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Society’s Influence on the Shaping of Halakha

Jewish-Approaches-to-People-with-Disabilities-rabbi-benny-lau

Publlished :

 2013

Society’s Influence on the Shaping of Halakha

Jewish Approaches to People with Disabilities

Rabbi Dr. Benjamin Lau

1. We all have disabilities

To be a person of Torah is to take on a quest to reveal the light of God which shines out of the Torah, as it has been revealed to human beings. Halacha [Jewish law], in as far as it is a translation of the Godly Idea into human behaviour, must radiate that light for which all those who worship the Almighty pray. Among the subjects that linger disconcertingly between light and darkness is society’s approach to people with disabilities. Already in the Talmud we find the story of one of the greatest scholars of the Tanaitic period (70-220 CE), Rabbi Simeon ben Eleazar, who studied Torah from Rabbi Meir, and returned home completely caught up in the joy of his studies, which consumed his entire character:

He happened upon a man who was extremely ugly. The man said, “Shalom to you, Rabbi!” Rabbi Simeon did not reply. Instead he exclaimed, “Idiot! How ugly that man is! Could it be that all the people of your city are as ugly as you?”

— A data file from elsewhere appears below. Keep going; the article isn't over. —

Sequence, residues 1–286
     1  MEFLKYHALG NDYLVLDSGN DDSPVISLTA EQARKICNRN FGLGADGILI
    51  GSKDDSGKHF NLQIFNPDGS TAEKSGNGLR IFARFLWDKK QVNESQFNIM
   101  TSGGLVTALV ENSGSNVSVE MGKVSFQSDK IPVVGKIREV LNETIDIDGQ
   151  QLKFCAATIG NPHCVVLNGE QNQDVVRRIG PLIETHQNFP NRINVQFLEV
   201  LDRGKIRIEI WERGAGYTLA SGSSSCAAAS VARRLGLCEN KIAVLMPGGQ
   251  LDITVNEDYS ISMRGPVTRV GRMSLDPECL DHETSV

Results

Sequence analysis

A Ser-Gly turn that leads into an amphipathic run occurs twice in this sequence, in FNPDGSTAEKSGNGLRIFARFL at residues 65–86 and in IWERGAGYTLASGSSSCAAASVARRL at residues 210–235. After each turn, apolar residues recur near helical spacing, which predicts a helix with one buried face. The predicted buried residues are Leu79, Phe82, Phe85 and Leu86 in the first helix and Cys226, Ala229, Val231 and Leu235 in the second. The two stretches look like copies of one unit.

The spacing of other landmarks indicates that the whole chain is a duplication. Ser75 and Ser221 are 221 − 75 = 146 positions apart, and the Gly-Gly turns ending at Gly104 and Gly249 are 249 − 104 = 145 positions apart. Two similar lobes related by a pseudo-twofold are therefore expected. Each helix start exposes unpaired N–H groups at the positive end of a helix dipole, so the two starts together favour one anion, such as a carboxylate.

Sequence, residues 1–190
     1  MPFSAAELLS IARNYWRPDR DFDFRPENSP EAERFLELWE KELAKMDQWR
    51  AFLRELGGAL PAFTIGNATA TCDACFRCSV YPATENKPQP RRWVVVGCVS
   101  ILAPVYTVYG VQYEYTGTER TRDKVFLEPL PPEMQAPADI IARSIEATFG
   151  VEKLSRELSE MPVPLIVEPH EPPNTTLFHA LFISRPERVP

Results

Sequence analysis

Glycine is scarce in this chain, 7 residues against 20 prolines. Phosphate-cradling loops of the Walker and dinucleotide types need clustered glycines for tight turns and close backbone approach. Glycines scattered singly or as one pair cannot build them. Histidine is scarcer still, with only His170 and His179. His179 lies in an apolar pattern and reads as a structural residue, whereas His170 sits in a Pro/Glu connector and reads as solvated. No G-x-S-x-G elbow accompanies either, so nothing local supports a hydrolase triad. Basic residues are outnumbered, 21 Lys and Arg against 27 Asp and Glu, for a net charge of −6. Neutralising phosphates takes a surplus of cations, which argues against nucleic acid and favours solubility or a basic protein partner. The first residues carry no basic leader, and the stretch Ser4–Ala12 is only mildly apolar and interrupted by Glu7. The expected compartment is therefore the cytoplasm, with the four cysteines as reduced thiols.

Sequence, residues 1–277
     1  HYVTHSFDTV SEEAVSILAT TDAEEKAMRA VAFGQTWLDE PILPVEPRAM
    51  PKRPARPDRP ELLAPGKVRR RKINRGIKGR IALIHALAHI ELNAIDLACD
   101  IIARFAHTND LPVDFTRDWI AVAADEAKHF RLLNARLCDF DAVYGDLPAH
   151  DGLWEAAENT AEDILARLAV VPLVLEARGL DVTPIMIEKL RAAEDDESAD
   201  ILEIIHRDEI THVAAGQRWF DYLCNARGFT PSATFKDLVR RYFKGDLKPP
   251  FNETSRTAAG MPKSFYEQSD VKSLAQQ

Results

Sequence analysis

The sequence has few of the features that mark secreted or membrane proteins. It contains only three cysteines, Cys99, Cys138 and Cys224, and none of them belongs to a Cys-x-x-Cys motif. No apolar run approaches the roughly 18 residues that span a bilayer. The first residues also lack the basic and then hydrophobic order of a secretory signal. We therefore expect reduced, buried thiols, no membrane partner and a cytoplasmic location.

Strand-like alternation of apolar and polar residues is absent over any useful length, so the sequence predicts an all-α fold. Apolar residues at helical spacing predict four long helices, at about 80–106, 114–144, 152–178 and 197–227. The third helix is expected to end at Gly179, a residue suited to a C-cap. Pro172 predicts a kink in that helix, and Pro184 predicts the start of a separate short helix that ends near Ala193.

The man said, “I do not know, why not go to the Artisan who made me, and tell Him, ‘How ugly that vessel is that You made!’”

When Rabbi Simeon realized that he had done wrong, he dismounted from his donkey and fell down at the man’s feet, saying, “I fully accept – please forgive me.” “I will not forgive you,” said the man, “until you go to that Artist who made me and tell him, ‘How ugly that vessel is that You made.’” 

The gap between the harmonious light of Torah and this offence to perfection that is the “extremely ugly” man, strikes Rabbi Simeon like a blow. The Torah he has been learning has not refined his character, but rather had sharpened his aspiration to “angelic” completeness, which refuses to encounter an ugly reality. 

The “ugly man”, then, refers Rabbi Simeon to the source of all ugliness in the world: the Holy One, the Artisan who made him. This is a decisive religious statement, which seeks to cancel out the categories of beautiful and ugly as seen by human beings, and to bring them instead to a more holistic vision, which takes account of the fact that God created all of mankind, in all the forms it may take, in His own image. Not, that is, with a godly body – for God has no body – but rather with an essential nature that is divine, an associate in the creation and advancement of the world. Man created in God’s image is not God – he is “a little less” (Ps. 8:6). This is what brings us to the absolute knowledge that all of us are people with disabilities.